Circulating daily on social media we see turtles caught in plastic, beaches bathed in piles of garbage, or decaying wildlife that make hearts heavy because we can easily relate to those species. However, there is another ocean issue that does not get enough coverage but it is dissolving many of the unseen organisms every day.
Every four years during the summer, the sports world pauses to draw its attention to the top echelon of professional football. I decided to put together a World Cup inspired shoot, shoot some concepts I haven't done before, and give you a behind-the-scenes, education glimpse.
Real estate and architectural photographers are familiar with the challenges of shooting an indoor location during broad daylight. The sunshine pours in through windows, and, without a truckload of studio lights to brighten the space, it's impossible to capture everything your eye sees in a single image. That's where this intro to HDR comes in handy.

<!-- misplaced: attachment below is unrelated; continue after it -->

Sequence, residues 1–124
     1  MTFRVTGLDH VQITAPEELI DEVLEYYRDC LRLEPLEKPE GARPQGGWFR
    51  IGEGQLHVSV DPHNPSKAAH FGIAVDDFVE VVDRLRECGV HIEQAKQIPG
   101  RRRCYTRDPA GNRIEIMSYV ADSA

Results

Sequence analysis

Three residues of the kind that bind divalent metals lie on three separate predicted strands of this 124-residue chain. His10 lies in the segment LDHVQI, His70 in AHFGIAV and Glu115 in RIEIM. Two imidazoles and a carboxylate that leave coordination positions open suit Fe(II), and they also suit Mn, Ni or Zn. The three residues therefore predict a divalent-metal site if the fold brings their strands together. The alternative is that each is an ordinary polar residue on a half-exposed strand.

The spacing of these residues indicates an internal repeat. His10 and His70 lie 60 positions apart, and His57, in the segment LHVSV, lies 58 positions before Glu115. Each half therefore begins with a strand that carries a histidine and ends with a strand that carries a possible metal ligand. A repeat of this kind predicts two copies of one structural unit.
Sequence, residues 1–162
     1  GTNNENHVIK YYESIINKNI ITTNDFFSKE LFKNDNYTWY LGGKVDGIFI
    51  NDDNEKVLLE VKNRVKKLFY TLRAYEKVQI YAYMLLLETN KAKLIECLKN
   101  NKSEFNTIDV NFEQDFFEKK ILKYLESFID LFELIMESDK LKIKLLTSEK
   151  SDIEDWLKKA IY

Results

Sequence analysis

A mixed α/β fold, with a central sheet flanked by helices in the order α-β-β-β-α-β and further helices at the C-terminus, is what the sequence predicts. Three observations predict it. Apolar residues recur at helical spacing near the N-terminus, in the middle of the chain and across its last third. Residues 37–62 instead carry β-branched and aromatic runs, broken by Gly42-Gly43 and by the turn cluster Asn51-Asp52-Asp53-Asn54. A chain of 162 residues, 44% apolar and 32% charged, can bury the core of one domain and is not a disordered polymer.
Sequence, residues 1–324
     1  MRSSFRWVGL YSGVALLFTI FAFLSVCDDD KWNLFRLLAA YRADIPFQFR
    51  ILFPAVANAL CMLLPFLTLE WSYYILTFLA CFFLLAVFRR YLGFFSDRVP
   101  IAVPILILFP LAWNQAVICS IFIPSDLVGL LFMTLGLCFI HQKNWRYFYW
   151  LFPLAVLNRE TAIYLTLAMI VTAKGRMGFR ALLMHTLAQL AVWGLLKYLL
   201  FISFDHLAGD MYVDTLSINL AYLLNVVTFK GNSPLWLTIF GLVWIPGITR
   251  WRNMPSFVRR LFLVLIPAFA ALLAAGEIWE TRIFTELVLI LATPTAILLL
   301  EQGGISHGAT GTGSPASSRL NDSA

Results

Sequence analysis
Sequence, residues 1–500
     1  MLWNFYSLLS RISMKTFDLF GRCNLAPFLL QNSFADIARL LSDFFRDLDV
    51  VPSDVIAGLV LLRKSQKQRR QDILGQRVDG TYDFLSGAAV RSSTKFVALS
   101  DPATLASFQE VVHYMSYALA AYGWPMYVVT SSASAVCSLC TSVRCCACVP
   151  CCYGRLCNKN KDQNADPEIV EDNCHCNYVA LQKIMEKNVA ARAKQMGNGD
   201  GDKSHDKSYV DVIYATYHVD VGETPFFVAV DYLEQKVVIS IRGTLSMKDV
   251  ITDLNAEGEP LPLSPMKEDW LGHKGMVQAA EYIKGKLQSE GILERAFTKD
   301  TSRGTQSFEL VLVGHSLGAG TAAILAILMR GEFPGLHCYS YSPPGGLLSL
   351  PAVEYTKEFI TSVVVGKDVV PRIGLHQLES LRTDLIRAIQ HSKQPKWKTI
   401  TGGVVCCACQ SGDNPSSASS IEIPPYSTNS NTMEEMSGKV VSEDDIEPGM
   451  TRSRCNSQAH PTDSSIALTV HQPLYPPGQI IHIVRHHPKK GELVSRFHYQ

Creating realistic composites in Photoshop can sometimes be tricky. It is imperative that your selection process is spot on, and that your subject so perfectly matches the new background that you’ve placed it in, that not even the trained eye will be able to tell that it’s a composite.
I live in a small city far from popular landscape photography locations and seemingly devoid of fellow photographers. I oftentimes find myself feeling a bit alone in the creative process. To remedy this, I went online to find peers and look for resources to get constructive feedback on my work. I ended up meeting someone who helped me improve my work and whose generosity took me completely by surprise.
"Underwater Beauty" was an image commissioned by a local company as a part of their campaign supporting various independent artists. The image was created as a composite for obvious reasons. In this article, I'd like to walk you through the process of creating it from the initial idea to the final result.